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The fight over a 10-foot swath of sand along Rhode Island’s shoreline

The House and Senate are currently considering legislation that would decriminalize trespassing along the mean high tide line. But the House Speaker is not convinced

A surfer in front of the Towers in Narragansett, Rhode Island.Christopher Muther

PROVIDENCE — House Speaker K. Joseph Shekarchi is floating the possibility of a study commission on access to the Rhode Island shore, a hot-button topic that may only get more controversial as people start taking it outside in the nice weather.

The House and Senate are currently considering legislation that would decriminalize trespassing along a 10-foot swath of the Rhode Island coast. Supporters say this would clarify — not to mention expand — where people can access the shore in Rhode Island.

But they have not won over the House speaker, a Democrat of Warwick.

“I have spoken with the sponsor of the House legislation and this is an issue that may be appropriate for a study commission to take a much closer look at during the off-session,” Shekarchi told the Globe in an email. “No decision has been made yet.”


The sponsor is state Representative Terri Cortvriend, a Democrat of Portsmouth. The Senate Judiciary Committee had a hearing on the legislation Thursday night. Under the legislation, people who were within 10 feet of the most recent high tide line wouldn’t be subject to prosecution under the state’s trespassing law if they were exercising certain state rights, like passing along the shore or collecting seaweed.

Shoreline access issues are always present in Rhode Island, which has 400 miles of coastline and, according to the novelty T-shirts, is 3 percent bigger at low tide (experts say this is humorous but not true). The debate has been even more pronounced in recent years after Scott Keeley, a Charlestown resident and shoreline rights activist, was arrested on the beach in South Kingstown in front of some private homes. Homeowners had hired security, who called the police, who arrested Keeley, who sued and settled for $25,000.

The law in Rhode Island is unique. People in Rhode Island are allowed to walk along the shore, collect seaweed, and fish and swim from the shore. These are rights enshrined in the state constitution: The public has constitutional shore rights, a state Supreme Court case said, below what’s called the mean high tide line. Above it, private property can begin. To convict someone of trespassing along the coast in Rhode Island, authorities would have to prove the person knew where that line was and intentionally crossed it into private land.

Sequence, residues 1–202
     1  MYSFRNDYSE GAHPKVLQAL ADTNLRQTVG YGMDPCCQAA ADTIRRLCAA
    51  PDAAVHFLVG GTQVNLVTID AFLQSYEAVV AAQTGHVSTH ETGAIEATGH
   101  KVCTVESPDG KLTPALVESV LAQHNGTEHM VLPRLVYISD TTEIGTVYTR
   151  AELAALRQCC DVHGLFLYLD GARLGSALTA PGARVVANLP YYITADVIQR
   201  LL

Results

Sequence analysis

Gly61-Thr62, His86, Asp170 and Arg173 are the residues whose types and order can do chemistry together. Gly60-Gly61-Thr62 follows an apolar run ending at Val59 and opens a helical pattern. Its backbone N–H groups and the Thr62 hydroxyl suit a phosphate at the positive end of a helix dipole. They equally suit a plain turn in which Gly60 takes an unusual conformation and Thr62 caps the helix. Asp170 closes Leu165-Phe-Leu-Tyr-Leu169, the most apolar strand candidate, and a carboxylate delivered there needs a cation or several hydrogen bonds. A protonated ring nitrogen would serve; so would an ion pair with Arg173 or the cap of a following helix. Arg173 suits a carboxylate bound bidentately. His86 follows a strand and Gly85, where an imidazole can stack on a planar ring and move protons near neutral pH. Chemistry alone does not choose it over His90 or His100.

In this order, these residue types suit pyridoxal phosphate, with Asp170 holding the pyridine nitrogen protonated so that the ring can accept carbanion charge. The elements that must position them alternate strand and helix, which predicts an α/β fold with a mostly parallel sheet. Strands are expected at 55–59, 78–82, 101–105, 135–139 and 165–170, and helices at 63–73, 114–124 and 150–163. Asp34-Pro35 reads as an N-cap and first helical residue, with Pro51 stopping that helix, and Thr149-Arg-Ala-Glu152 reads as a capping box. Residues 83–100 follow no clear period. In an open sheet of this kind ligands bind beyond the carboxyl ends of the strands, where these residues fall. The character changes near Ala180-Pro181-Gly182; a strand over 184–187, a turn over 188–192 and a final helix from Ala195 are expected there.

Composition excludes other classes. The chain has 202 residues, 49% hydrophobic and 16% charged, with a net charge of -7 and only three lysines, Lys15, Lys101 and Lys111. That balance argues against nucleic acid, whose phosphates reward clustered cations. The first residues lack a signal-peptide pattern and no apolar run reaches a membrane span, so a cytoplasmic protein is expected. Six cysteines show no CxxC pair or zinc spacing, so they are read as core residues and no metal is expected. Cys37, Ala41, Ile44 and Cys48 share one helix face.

The mean high tide line measurement seems straightforward, but it’s not. It’s not the line where the water stops on a particular day, but the average line over a 18.6-year cycle.

Private beachfront homeowners have hired surveyors who say their property lines actually extend out into the water at all times, meaning they own every grain of sand and could, if they wanted to, eject anyone who was on it. Critics say this is geologically and legally impossible. But the authorities sometimes take the sides of the homeowners. And it can seem at times that for every Rhode Islander, there’s a different interpretation for what you can do and where you can do it along the water.

To deal with the confusion, legislators are proposing the bill to decriminalize trespassing 10 feet from the most recent high tide line on the sandy or rocky shore. Democratic State Sen. Alana DiMario, the sponsor of the bill, likened it to a sidewalk for public use. She said at the committee hearing Thursday that it wouldn’t take anyone’s property away, and private property owners could still have rights to sue in civil court even if they decriminalized trespassing. Ten feet is significant in its own right: It’s enough space to bring down an ox cart, as people used to do to collect seaweed, a good fertilizer.


As it stands now, “there is no way for a person to know if they’re breaking the boundary or not,” DiMario said.

The homeowners, meanwhile, are more reluctant to speak out in the press than those who say they just want to enjoy the rights of the shore.

They’re less reluctant to speak out behind the scenes. To that end, in March, a group called Shoreline Taxpayers for Respectful Traverse, Environmental Responsibility and Safety, Inc. — pronounced Starters — was quietly launched in Rhode Island. This group hired lobbyists and lawyers.

They are pressing particularly hard against the bill to decriminalize trespassing if someone was within 10 feet of the most recent high-tide line. In a white paper circulated among lawmakers, their lawyers say the state would have to pay an astronomical amount of money to compensate homeowners for such a maneuver.

“In sum, the Proposed Amendments conflict with state law and upset the balance of rights concerning Rhode Island’s shoreline,” the white paper, authored by Adler Pollock and Sheehan attorneys, concluded.

Brian Amaral can be reached at brian.amaral@globe.com. Follow him on Twitter @bamaral44.